Timeless Void: “Voidland 2 (Life and Death in America)” – will blow your mind if listened to properly
One thing you cannot say about Ontario’s alternative rock band, Timeless Void, is that they are not generous. On their previously critically acclaimed album, entitled “Voidland”, Alex Hilson (Flute, Guitar, Bass & Vocals) and Eric St-Pierre (Production, Guitar, Vocals, Bass), delivered 18 staggering acid-psychedelic influenced tracks. Now at the end of 2015, the creative duo is back with a mind-blowing 23-track, psychedelic magnum opus, collectively called, “Voidland 2 (Life and Death in America)”.
A friend and I were recently reminiscing of a space in time before there were music downloads, Mp3’s, iTunes and iPods; a time when vinyl was the musical medium. Albums contained liner notes and lyric sheets that were printed large enough to read. Cover art was captivating and meant to be enjoyed. Individual songs were heard as being just a smaller segment of a larger collection of work. You dropped the needle, sat down, and took it in from start to finish. Like a great movie, you wouldn’t dare leave before the end. Every song set up the next one. The music was the event of that moment in time, not a wallpaper back drop. “Voidland 2 (Life and Death in America)” is of that time, transported to 50 years later. I kept listening for the pops and scratches on the record, but it never came.
What sets this album apart from previous Timeless Void releases is the liberal use of tasty sound effects and studio tricks that complement the overall texture. They are one of a handful of bands who are truly doing interesting, odd, and new things with the rock genre. The oddest being that they are probably the only rock band of any kind, without a drummer. This is both their biggest drawback as well as their best advantage, depending from which side of the half-full, half-empty glass, you’re looking through. Either way it’s probably their most distinguishing factor, until you hear the music. Timeless Void is a lush musical feast for the ear and the head. They are on the rock cutting edge: progressive and creative yet with some very fine instrumentation that lends a mature feel to their songs.
The one major factor which makes this album so great is that the songs are simply amazing. I don’t mean that in a real technical way, but the fact that “Voidland 2 (Life and Death in America)” will really will blow your mind if listened to properly (the real effect comes only if you’re stoned, but for a nice substitute, put it on the player, turn out the lights, kick back and close your eyes.) This is exactly where the lack of a drummer becomes positively essential to the overall mesmerizing effect – no sudden thuds, bangs and crashes to intrude into the spellbinding musical sorties, drowned in mid 60s experimentation and acid-ridden atmospheres.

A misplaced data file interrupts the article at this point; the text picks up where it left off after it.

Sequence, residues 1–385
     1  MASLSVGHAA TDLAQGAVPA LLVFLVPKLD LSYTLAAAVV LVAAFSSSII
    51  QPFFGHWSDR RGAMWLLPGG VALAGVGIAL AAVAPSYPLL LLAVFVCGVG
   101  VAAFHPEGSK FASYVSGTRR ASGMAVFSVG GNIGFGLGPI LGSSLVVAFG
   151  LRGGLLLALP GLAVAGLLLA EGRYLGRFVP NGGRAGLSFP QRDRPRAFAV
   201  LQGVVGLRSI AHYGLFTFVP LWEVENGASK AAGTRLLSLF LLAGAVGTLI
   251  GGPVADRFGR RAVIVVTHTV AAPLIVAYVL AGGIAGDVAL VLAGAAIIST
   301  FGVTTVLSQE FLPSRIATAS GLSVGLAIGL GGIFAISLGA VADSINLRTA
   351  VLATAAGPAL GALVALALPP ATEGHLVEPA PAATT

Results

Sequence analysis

Alex Hilson and Eric St-Pierre deliver a magnificent combination of cosmic, swirling guitar, bass and vocal sounds that are at once compelling. The guitars put down the moods necessary and achieve some astonishing hooks and effects that last just long enough to make you care and just briefly enough to make you miss them after they pass. They have all the makings of taking your mind on a head trip. The vocalizing and profound psychedelic overdubs, intertwine with rock solid bass riffs to produce a musical accomplishment of rare proportion.
Art can be very interesting when produced by artists who are a bit experimental and unpredictable, and this album is an excellent example of that. A thought provoking carousel of sonic images emerges and will amaze the gifted listener. Musical arrangements flow together into a stream of endless variations. A cosmic electric symphony unfolds a panorama of kaleidoscopic vocal archetypes, while pulsating rhythms and synchronous lyrical ripplings, smooth out the rest of the trip. The music is complex in its chords, textures, tones and rhythms sans drums. The subject matter is unusual to say the least. Of the 23 tracks there are just too many to single out as highlights, though I do have a soft spot for the slower vocal numbers like “Stop & Smell The Roses”, “Our Last Stand”, “Urban Fever”, “My Shadow” and “Yours Forever”.
It’s interesting to note that the closing instrumental track, “Stuck On Mars”, features some prominent drumming. Is this a premonitory sign of things to come? “Voidland 2 (Life and Death in America)” is a unique album, anything but a retro-induced cliché, and it deserves an in-depth listen from any serious listener of 60s acid or psychedelic music.